but it is used in the New Testament as a proper name, the name that was appropriate to Jesus. Still it may be used with a reference to the fact of the Messiahship, and not merely as a proper name; and in this place it may mean that they preached Jesus as the Messiah, or the Christ, and defended his claims to that high appointment. The word "Lord," also, is used to designate him, Mr 11:3; Joh 20:25; and when it stands by itself in the New Testament, it denotes the Lord Jesus, See Barnes "Ac 1:24"; but it properly denotes one who has rule, or authority, or proprietorship; and it is used here not merely as a part of the appropriate title of the Saviour, but with reference to the fact that he had the supreme headship or lordship over the church and the world. This important passage therefore means, that they made it their sole business to make known Jesus the Messiah, or the Christ, as the supreme liege and Lord of his people; that is, to set forth the Messiahship and the lordship of Jesus of Nazareth, appointed to these high offices by God. To do this, or to preach Jesus Christ the Lord, implies the following things:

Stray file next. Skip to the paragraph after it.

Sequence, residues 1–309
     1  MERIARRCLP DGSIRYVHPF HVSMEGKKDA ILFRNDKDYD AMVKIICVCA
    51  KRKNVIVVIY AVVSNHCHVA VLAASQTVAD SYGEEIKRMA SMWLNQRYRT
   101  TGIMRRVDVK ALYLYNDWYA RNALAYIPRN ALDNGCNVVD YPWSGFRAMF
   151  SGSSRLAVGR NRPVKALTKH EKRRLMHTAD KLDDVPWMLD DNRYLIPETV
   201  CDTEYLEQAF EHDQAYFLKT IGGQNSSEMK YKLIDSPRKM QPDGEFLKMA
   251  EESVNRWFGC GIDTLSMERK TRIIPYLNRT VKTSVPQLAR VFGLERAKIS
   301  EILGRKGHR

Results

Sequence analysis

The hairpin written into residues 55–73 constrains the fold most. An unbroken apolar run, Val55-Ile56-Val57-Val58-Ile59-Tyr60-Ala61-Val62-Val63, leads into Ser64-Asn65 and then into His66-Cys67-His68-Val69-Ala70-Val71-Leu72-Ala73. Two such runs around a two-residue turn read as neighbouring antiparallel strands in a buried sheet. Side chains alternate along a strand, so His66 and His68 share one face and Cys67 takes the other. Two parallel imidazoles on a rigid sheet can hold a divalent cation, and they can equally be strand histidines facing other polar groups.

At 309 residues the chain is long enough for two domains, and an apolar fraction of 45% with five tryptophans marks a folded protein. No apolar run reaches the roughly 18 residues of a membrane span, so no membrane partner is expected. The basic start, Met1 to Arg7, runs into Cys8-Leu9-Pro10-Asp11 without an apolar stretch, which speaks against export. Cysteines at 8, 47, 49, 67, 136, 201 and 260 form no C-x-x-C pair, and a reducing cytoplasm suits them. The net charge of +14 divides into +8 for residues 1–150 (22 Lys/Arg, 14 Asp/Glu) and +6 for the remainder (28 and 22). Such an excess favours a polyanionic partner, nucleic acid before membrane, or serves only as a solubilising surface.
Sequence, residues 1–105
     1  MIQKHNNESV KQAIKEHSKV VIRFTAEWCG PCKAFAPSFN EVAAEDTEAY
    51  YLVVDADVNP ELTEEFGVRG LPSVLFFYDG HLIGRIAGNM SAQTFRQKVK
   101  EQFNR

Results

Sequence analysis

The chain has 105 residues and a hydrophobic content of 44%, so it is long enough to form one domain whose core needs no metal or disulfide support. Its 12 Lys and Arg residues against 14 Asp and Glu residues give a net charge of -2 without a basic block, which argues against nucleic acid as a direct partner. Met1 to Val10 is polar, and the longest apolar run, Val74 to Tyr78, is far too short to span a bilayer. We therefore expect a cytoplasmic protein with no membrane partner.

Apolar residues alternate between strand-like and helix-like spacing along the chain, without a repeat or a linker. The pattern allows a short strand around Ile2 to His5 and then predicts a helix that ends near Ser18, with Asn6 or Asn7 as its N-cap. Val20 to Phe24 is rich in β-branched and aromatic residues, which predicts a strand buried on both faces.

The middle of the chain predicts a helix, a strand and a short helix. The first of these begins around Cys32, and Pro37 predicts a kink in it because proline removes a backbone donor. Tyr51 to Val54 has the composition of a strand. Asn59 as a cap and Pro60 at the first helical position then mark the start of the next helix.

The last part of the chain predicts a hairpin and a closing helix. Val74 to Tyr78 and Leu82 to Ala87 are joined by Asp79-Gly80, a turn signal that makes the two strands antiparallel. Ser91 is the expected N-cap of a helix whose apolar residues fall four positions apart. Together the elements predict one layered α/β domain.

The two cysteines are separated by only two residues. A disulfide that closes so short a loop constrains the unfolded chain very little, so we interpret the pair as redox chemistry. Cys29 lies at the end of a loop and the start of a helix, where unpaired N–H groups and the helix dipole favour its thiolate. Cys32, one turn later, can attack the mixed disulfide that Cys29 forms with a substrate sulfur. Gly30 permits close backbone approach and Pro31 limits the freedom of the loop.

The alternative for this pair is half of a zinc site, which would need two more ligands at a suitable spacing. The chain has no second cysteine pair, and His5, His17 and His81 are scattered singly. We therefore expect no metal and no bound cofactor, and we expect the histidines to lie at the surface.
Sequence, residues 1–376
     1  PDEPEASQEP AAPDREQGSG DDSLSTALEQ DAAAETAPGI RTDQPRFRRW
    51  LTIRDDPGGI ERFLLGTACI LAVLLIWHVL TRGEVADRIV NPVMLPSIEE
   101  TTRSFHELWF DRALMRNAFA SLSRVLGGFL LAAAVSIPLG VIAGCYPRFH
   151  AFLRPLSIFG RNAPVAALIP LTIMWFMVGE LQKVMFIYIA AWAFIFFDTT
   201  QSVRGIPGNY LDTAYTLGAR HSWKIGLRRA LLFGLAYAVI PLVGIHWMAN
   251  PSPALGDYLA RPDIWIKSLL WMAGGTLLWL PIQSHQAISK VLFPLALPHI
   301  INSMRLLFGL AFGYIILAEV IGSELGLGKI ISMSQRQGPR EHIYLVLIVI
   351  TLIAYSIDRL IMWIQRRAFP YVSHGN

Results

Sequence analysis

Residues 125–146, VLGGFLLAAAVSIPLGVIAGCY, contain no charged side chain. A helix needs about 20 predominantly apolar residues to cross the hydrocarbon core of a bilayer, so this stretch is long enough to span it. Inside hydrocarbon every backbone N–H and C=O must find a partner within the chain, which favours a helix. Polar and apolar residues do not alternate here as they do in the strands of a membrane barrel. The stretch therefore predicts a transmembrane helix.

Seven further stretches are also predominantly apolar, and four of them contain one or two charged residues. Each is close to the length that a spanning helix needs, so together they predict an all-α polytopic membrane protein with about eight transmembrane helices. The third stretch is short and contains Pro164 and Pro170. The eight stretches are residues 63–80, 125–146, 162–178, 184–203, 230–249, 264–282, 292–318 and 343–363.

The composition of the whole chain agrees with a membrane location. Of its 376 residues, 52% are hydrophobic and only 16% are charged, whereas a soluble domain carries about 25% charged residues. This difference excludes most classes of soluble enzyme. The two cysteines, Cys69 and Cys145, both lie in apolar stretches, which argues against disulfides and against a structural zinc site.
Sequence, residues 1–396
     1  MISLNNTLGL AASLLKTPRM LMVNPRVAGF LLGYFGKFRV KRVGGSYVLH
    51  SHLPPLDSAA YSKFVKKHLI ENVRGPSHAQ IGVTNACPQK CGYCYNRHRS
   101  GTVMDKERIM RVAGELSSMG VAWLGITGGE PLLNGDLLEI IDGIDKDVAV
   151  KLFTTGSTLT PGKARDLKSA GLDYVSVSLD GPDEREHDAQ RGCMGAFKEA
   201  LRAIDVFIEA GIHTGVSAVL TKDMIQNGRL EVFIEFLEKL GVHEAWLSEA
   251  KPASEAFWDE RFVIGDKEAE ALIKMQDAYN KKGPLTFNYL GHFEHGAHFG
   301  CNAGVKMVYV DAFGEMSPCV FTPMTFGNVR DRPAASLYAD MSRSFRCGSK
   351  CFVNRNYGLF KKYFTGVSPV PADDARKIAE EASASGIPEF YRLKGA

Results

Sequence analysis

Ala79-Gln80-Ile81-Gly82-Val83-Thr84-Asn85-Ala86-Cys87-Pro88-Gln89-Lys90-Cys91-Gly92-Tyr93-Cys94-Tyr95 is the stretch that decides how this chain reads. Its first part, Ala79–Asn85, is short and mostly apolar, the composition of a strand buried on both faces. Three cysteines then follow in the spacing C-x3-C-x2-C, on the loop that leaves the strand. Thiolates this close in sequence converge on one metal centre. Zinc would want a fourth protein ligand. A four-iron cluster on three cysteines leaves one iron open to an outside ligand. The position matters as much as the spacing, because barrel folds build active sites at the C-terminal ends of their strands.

(1.) To prove that he is the Messiah so often predicted in the Old Testament, and so long expected by the Jewish people. To do this was a very vital part of the work of the ministry in the time of the apostles, and was essential to their success in all their attempts to convert the Jews; and to do this will be no less important in all attempts to bring the Jews now or in future times to the knowledge of the truth. No man can be successful among them who is not able to prove that Jesus is the Messiah. It is not indeed so vital and leading a point now in reference to those to whom the ministers of the gospel usually preach; and it is probable that the importance of this argument is by many overlooked, and that it is not urged as it should be by those who "preach Christ Jesus the Lord." It involves the whole argument for the truth of Christianity. It leads to all the demonstrations that this religion is from God; and the establishment of the proposition that Jesus is the Messiah, is one of the most direct and certain ways of proving that his religion is from heaven. For